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Bill Britt

Opinion | Terminal corruption and its accomplices

Bill Britt

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There is at present a deliberate, brazen unraveling of the Republican’s signature 2010 legislation on ethics. Bastardization of the laws are not only happening at the so-called Alabama Ethics and Reform and Clarification Commission, but it’s also taking place at the state’s Ethics Commission where a group of appointed individuals are interpreting ethics and campaign finance statutes in a way never intended by the Legislature.

But perhaps this shouldn’t surprise anyone who understands the true state of politics in Alabama. What is shocking is that so many good people are saying nothing about what is happening at these commission meetings.

At its most recent hearing, the Ethics Commission showed its willingness to place cronyism over the rule of law when in a 3-0 vote (with two abstentions), the Commission voted to give itself the authority to reduce the number of offenses levied against candidates and political action committees (PACs) that violate campaign finance reporting rules, according to a report by APR‘s Josh Moon.

Ethics Commission gives itself more power to reduce penalties for campaign law violators

Routinely, the commission has exercised its power to reduce or dismiss civil penalties for campaign finance violations, but now it has taken an extraordinary step to reserve power to itself in determining what may rise to the level of a criminal offense.

Commission chairman Jerry Fielding noted that no-one from the attorney general’s office or the district attorney’s association had voiced any concerns about changes the commission was making to the law, but is that really the case or is there something more sinister afoot?

Appointed Attorney General Steve Marshall currently has an ethics complaint pending before the commission. Marshall, during the Republican primary, took $735,000 in contributions from the Republican Attorneys General Association, in what is widely believed to be an illegal campaign contribution. However, the commission decided not to weigh-in on Marshall’s case until after the fall elections. Has Marshall purposefully withheld any critical comments about the commission’s ruling to curry favor or not anger the commission that might soon charge him with violating campaign finances laws? Marshall, for all his aw-shucks demeanor, is a calculating politician who will sacrifice anything that stands in the way of him remaining attorney general – a job he claims God gave him. Perhaps Marshall needs reminding that his position was given to him by disgraced Gov. Robert Bentley who by his actions has proven he has little in common with the Almighty.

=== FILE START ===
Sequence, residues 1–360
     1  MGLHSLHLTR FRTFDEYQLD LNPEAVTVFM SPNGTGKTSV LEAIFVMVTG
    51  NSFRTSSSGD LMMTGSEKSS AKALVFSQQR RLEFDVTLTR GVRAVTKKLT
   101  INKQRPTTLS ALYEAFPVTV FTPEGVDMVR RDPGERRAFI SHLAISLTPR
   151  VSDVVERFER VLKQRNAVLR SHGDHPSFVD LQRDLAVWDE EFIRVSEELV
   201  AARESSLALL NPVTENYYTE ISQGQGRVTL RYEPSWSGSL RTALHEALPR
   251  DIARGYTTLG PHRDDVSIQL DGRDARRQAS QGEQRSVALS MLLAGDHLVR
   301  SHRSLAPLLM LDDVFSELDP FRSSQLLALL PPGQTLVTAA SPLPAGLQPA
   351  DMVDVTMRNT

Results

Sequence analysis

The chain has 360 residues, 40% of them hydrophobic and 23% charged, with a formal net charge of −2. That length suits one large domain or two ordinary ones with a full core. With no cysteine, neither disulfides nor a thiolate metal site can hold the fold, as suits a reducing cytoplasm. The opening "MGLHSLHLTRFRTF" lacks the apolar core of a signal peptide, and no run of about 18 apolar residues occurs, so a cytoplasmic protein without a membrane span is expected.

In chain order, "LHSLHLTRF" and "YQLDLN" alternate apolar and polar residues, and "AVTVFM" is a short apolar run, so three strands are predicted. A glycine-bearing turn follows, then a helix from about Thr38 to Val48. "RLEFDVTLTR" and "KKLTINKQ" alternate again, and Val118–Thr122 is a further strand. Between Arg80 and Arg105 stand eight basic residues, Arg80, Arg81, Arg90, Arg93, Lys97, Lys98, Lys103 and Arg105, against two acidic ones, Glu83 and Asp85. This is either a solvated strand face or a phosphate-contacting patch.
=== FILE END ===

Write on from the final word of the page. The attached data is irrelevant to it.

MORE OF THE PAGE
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Marshall, along with Ethics Commission Executive Director Tom Albritton, are chairing the Alabama Ethics and Reform and Clarification Commission, which was created to give the Legislature cover for when they abolish the ethics laws the Republicans passed in 2010. After eight years, which brought about numerous indictments and scandals, the Republican leadership has determined that the rules are just too rigid. So, under the guise of clarification, they will gut the laws during the upcoming legislative session.

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Several individuals close to the process and one person who sits on the commission express grave concerns and even disgust at how blatantly the new rules will undercut the laws championed in 2010. As one individual said, “All is lost.” Far from hyperbole, these individuals sincerely believe that the commission will present a reform package that will not just undermine current laws but will open broad avenues for legal public corruption within the state.

Often the words ethics and morals are used synonymously, but they are quite different. Ethics is a set of rules that govern conduct in the workplace, an organization or government. Morals, on the other hand, are personal beliefs of right and wrong which are part of an individual’s character.

Many of our elected officials and others who make their living from politics place personal gain over any other guiding principle. Perhaps therein lies the problem.

Strong ethics laws enacted by corrupt individuals will not last long, and so after eight years, we see that many in Republican leadership never intended to live by the rules they championed when they took office.

As for the Ethics Commission, it is terminally corrupt without even a pretense of acting ethically.

The state is in dire need of those who realize that those who do not fight corruption are in fact accomplices.

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